• Hypersensitivity to evaluation of others, beginning in early adulthood

  • May include rageful reactions to criticism, exploitation of others

  • Unable to recognize how others feel

  • Has sense of entitlement, envy

  • May be preoccupied with grandiose fantasies

  • Search for constant attention/admiration


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Antisocial Personality Disorder Disorder

  • Occurs in adults with hx conduct disorder

  • Usually has poor work record

  • Disregard for social norms

  • Aggressiveness

  • Financial irresponsibility

  • Impulsiveness, lying, recklessness

  • Inability to maintain close relationships or meet responsibilities

  • Lack of remorse for harmful behavior


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Assessment of Behaviors Disorder

  • Manipulation- Relationships are formed to take advantage of others

  • Narcissism- Self-centeredness, searching constantly for praise, and may become angry with criticism

  • Impulsivity- Unpredictability, unreliability, inability to plan or learn from experience, and overall poor judgment


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Examples: Nursing Diagnosis Disorder

  • Personal identity disturbance r/t early developmental arrest e/b difficulty defining self boundaries

  • Self-esteem disturbance r/t physical abuse during childhood e/b verbalized unhappiness with his/her accomplishments

  • Impaired social interaction r/t rejection of sociocultural values e/b stated belief that rules to not apply to him/her

  • High risk for self-directed violence r/t need to punish self e/b repeated burning of feet when criticized


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Nursing Care Disorder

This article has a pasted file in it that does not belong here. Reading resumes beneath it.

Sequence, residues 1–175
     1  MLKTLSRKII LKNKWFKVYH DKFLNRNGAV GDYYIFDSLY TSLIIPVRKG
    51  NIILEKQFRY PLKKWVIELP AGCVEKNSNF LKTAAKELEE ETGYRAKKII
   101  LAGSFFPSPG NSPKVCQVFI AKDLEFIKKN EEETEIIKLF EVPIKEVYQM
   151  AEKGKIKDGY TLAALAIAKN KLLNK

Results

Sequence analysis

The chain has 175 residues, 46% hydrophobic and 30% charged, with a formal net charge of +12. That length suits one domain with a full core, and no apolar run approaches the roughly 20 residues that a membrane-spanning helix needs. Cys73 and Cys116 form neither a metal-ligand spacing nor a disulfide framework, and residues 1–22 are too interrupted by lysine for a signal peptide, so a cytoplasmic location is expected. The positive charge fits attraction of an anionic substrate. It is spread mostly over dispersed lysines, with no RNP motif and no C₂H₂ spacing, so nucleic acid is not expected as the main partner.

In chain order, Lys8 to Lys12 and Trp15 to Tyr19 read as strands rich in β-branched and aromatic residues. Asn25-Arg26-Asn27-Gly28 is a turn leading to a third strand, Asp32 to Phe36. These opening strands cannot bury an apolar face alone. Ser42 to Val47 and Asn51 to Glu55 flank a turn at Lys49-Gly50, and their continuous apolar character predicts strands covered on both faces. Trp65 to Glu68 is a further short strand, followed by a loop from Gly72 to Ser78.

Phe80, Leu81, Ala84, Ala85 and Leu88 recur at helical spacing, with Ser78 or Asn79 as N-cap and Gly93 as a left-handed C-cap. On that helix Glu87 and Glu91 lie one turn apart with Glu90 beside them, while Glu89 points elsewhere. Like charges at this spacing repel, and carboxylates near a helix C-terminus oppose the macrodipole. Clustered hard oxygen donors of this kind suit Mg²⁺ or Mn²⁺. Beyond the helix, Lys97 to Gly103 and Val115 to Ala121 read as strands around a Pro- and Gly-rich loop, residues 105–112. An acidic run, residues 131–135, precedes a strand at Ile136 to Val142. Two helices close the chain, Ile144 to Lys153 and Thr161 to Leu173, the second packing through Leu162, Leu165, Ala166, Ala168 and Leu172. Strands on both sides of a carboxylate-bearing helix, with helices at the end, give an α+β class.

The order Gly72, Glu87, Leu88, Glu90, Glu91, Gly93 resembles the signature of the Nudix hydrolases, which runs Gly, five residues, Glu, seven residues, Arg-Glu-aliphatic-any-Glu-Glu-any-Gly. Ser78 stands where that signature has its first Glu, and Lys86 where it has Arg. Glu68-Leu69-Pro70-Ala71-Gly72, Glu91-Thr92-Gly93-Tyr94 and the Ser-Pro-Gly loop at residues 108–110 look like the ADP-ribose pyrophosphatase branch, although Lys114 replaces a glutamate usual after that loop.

• Use realistic, short term goals:

    • Pt will use verbal communication instead of acting out

    • Pt will verbally identify angry feelings when they occur during one-to-one interactions

  • Learning to relate more directly and openly causes anxiety

  • Increase anxiety-producing activities gradually while increasing environmental supports


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Nursing Interventions Disorder

  • Establish a therapeutic relationship

  • Family involvement

  • Therapeutic milieu therapy- including expectation of mature, responsible behavior

  • Encourage journal writing

  • Limit-setting and structure

  • Protection from self-harm

  • Focusing on strengths

  • Behavior modification


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Coping Mechanisms Disorder

  • Projection- places responsibility for antisocial behavior outside of oneself

  • Splitting- the inability to integrate the good and bad aspects people/object

    • Expresses contradictions

    • Inconsistent lack of impulse control

    • “All good” or “all bad” perceptions

  • Projective identification- part of oneself is projected onto others, and subconsciously the person tends to respond as expected


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Nursing Implications Disorder

  • Staff members must communicate well so consistent messages are given when patients resist rules

  • Remember that manipulative patients sometimes lie

  • It is important to confront the pt who consciously lies or acts out

  • Loss of control may be dealt with by room restriction

  • Reality orientation may be necessary


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Evaluation Disorder

  • Patient Outcome/Goal

    • Patient will obtain maximum interpersonal satisfaction by establishing and maintaining self-enhancing relationships with others

  • Nursing Evaluation

    • Was nursing care adequate, effective, appropriate, efficient, and flexible?


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References Disorder

  • Stuart, G. & Laraia, M. (2005). Principles & practice of psychiatric nursing (8th Ed.). St. Louis: Elsevier Mosby

  • Stuart, G. & Sundeen, S. (1995). Principles & practice of psychiatric nursing (5th Ed.). St. Louis: Mosby